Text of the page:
RESEARCH BRIEF: IPV Survivors' Perceptions of How a Flexible Funding Housing Intervention Impacted Their Children
An estimated 15.5 million American children are exposed to intimate partner violence (IPV) every year. Such exposure negatively impacts children’s health, development and academic performance and may also be accompanied by housing instability or homelessness. Children growing up with periods of homelessness or housing instability are at risk for many of the same detrimental outcomes as children exposed to IPV. This brief highlights key findings from a qualitative, longitudinal study examining mothers’ perceptions of how receipt of flexible funding designed to increase their housing stability may have also impacted their children’s safety, stress, mood and behavior.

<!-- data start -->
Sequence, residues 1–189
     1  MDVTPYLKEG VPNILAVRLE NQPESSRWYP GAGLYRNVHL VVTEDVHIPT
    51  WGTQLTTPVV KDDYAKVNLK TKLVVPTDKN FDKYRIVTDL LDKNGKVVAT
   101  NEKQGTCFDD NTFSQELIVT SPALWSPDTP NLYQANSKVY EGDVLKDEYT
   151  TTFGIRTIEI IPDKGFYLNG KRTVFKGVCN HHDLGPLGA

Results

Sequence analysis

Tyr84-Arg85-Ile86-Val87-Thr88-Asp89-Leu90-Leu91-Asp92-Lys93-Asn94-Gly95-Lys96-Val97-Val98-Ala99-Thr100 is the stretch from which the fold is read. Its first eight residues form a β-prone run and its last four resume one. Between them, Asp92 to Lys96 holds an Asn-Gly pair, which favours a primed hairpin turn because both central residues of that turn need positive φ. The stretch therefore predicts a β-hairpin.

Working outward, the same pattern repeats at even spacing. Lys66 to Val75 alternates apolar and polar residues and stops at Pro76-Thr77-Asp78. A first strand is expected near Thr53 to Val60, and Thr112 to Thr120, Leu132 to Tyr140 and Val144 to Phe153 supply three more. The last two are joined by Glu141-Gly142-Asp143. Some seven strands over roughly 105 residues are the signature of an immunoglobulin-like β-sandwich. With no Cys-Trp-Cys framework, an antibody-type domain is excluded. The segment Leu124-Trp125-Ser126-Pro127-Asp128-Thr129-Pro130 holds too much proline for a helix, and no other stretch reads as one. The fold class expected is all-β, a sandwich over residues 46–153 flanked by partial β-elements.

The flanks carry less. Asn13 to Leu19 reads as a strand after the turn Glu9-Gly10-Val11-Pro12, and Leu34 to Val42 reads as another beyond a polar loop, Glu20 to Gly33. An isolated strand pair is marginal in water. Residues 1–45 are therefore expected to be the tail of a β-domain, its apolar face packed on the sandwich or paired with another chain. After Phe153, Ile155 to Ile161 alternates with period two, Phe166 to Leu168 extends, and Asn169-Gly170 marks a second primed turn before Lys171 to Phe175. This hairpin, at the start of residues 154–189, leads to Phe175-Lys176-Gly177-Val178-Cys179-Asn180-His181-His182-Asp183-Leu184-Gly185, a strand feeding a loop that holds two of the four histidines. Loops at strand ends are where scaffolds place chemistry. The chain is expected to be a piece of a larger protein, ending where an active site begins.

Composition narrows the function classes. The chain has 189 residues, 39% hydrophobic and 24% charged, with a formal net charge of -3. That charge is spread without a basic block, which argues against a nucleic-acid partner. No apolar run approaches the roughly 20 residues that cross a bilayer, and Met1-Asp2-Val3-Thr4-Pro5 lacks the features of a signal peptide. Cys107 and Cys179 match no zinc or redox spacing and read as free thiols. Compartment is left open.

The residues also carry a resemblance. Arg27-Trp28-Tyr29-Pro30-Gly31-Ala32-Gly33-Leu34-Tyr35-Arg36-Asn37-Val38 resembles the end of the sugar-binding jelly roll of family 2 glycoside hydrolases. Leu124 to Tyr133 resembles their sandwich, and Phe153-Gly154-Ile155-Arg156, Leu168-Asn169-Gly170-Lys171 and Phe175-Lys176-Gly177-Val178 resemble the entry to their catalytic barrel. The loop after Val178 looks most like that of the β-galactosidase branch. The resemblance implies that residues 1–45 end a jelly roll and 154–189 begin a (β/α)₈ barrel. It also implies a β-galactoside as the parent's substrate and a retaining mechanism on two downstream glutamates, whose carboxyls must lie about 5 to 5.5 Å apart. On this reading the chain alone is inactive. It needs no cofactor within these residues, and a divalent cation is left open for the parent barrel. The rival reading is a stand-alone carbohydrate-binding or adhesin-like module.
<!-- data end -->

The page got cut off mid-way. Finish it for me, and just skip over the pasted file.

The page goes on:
Describes results of an evaluation of DASH's Survivor Resilience Fund, a low-barrier and trauma informed approach to homelessness prevention for survivors.
The Washington State Domestic Violence Housing First Program: Cohort 2 Agencies Final Evaluation Report
WSCADV's Domestic Violence Housing First (DVHF) program was designed to eliminate housing as a reason for survivors to stay in abusive relationships by providing flexible advocacy. This approach gave survivors of domestic violence the ability to establish a home and the freedom to choose how best to rebuild their lives. Permanent housing was the beginning of their new journey. The first phase of the DVHF program began with a cohort of four domestic violence agencies. The second phase, known as Cohort 2, expanded the program to nine additional agencies. Cohort 2 agencies served survivors with higher barriers to housing, including those living in rural, tribal, immigrant, and culturally specific communities.